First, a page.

Celebrated Race Teams Rely On NASCAR Technical Institute Graduates To Drive Success

Celebrated Race Teams Rely On NASCAR Technical Institute Graduates To Drive Success

Team Penske currently employs more than 50 NASCAR Tech graduates. These graduates now working at Team Penske hold positions ranging from entry-level mechanic to chief mechanic.

Team Penske Driver Brad Keselowski talks with IndyCar Mechanic Blaine Hardy, a graduate of NASCAR Technical Institute

Team Penske drivers Brad Keselowski and Joey Logano on Monday stopped by the Team Penske race shop in Mooresville, North Carolina, following top-10 finishes at Michigan International Speedway over the weekend, in part to thank the NASCAR Technical Institute (NASCAR Tech) graduates who help drive their team’s success on the racetrack. NASCAR Tech is one of 13 Universal Technical Institute campuses nationwide, offering both automotive technician training and advanced training for students pursuing a career in motorsports.

Team Penske, winners of 20 combined victories thus far in the 2018 race season across NASCAR, INDYCAR, IMSA and Australian Supercars – including its 17th Indianapolis 500 win, currently employs more than 50 NASCAR Tech graduates. Team Penske says it has relied on NASCAR Tech to deliver highly trained automotive technicians for more than a decade. NASCAR Tech graduates now working at Team Penske hold positions ranging from entry-level mechanic to chief mechanic.

Keselowski, the 2012 Monster Energy NASCAR Cup Series Champion, and driver of the No. 2 Discount Tire Ford Fusion in the Monster Energy NASCAR Cup Series, said he truly appreciates the vital importance of the training his teams’ technicians and crews receive during their time at Universal Technical Institute’s NASCAR Tech campus.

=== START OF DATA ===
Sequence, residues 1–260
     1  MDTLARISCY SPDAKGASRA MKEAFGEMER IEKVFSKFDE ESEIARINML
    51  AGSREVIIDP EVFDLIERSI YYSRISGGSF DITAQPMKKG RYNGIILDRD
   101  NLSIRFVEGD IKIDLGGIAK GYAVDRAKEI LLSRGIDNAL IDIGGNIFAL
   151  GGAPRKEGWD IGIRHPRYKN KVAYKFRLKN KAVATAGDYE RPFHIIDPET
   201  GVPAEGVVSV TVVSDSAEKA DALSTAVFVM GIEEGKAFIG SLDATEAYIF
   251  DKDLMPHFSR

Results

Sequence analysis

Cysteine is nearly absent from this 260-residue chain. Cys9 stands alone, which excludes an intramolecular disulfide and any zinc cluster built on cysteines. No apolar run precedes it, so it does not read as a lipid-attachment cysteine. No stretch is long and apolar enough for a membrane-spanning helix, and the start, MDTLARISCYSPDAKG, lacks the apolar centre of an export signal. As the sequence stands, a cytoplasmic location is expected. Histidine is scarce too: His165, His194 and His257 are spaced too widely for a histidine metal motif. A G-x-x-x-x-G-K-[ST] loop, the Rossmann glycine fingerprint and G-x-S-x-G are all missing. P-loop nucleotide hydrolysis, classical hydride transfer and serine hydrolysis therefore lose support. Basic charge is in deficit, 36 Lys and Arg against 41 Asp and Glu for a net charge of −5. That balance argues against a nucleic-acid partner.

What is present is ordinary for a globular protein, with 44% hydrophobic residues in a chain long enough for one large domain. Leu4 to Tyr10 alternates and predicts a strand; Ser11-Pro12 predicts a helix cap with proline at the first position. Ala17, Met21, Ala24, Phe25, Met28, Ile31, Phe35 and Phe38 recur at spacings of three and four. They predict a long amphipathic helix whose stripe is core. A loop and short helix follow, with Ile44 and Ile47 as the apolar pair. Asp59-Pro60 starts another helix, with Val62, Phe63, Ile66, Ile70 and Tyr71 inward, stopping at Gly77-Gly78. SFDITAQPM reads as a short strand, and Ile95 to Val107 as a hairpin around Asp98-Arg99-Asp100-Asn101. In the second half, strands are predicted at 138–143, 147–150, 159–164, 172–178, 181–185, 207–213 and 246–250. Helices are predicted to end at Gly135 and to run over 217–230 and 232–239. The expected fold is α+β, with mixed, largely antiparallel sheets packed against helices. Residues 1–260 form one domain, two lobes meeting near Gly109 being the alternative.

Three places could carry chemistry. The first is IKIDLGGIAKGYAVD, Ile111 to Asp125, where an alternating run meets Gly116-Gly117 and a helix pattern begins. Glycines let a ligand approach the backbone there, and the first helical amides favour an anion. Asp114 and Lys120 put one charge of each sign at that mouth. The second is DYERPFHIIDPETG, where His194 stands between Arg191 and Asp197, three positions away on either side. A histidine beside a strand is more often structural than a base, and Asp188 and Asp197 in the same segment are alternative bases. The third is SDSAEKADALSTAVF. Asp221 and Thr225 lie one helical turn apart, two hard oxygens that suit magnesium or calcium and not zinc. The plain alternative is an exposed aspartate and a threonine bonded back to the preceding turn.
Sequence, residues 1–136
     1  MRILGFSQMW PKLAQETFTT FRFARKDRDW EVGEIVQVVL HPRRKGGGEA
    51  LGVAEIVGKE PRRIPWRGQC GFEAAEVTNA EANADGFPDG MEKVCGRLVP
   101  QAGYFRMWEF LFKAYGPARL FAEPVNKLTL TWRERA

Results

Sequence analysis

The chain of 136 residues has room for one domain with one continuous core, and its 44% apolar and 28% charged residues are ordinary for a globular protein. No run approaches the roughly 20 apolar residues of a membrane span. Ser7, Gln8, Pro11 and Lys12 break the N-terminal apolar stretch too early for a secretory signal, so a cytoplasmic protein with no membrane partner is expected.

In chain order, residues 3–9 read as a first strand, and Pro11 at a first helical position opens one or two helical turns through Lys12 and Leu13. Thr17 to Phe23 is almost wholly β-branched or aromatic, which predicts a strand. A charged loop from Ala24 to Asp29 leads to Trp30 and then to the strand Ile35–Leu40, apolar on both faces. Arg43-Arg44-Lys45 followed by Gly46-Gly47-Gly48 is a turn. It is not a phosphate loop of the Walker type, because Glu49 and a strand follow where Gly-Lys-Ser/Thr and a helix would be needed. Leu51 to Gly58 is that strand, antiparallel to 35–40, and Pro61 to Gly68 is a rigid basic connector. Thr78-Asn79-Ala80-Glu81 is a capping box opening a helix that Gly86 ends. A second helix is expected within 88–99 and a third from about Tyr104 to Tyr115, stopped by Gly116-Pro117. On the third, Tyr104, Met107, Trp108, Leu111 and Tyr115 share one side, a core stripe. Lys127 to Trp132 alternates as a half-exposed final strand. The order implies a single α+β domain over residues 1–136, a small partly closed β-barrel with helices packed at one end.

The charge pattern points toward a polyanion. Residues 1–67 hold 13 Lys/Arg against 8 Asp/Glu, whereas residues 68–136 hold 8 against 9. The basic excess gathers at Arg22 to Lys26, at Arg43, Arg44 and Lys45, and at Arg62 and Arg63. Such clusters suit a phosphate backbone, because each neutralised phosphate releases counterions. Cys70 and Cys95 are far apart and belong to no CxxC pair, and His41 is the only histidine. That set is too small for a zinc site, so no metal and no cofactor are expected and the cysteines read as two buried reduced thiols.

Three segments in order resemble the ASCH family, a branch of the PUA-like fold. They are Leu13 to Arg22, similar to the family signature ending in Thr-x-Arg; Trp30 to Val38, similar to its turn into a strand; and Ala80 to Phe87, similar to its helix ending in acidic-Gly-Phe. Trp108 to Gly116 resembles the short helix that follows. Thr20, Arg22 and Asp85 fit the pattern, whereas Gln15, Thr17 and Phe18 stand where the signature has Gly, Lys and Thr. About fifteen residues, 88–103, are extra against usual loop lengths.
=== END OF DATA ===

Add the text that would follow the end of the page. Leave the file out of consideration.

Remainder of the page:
“We love seeing NASCAR Technical Institute graduates join Team Penske,” said Keselowski. “I have two on my team right now, and we’re very proud to see them move up through the ranks at Team Penske and to have this relationship with Universal Technical Institute and NASCAR Tech.”

Logano, the 2015 Daytona 500 Champion, and driver of the No. 22 Shell-Pennzoil Ford Fusion in the Monster Energy NASCAR Cup Series, says NASCAR Tech graduates make a difference for his teams’ performance, on and off the race track.

“Our front end mechanic is a graduate from NASCAR Technical Institute,” said Logano. “Winning races takes more than a driver and a crew chief. It takes a whole team of people to put this all together, which is why it’s so important for me to have graduates from NASCAR Tech bring their skill sets to work on my race car.”

Travis Law, a 2006 NASCAR Tech graduate and chief mechanic of Josef Newgarden’s No. 1 Verizon IndyCar Series Dallara/Chevrolet, has worked with Team Penske for 10 years. He grew up around racing in Iowa, and was building cars as a hobby when he was a teenager. But Law knew he wanted to make a living working on racecars. He was among the first wave of NASCAR Tech students hired at Team Penske, setting the bar high for the graduates who followed in his footsteps.

Law started as a tire specialist, worked his way up to mechanic, and then became an IndyCar chief mechanic in 2014. “I loved racing and wanted a career in it,” said Law. “NASCAR Tech was an easy choice. I knew it would be the gateway into racing and it was going to open doors for me.”

NASCAR Technical Institute is the exclusive educational provider for NASCAR and the only campus in the country to offer NASCAR-endorsed training. NASCAR Tech’s Mooresville campus offers the standard Universal Technical Institute core automotive training program, with an optional 15-week elective to train students preparing for a career in motorsports. The 15-week elective trains students in everything from engines, fabrication and welding, to aerodynamics and pit crew essentials. Through NASCAR Tech’s elite Spec Engine program, select students have the opportunity to build engines that will compete in NASCAR-sanctioned races.

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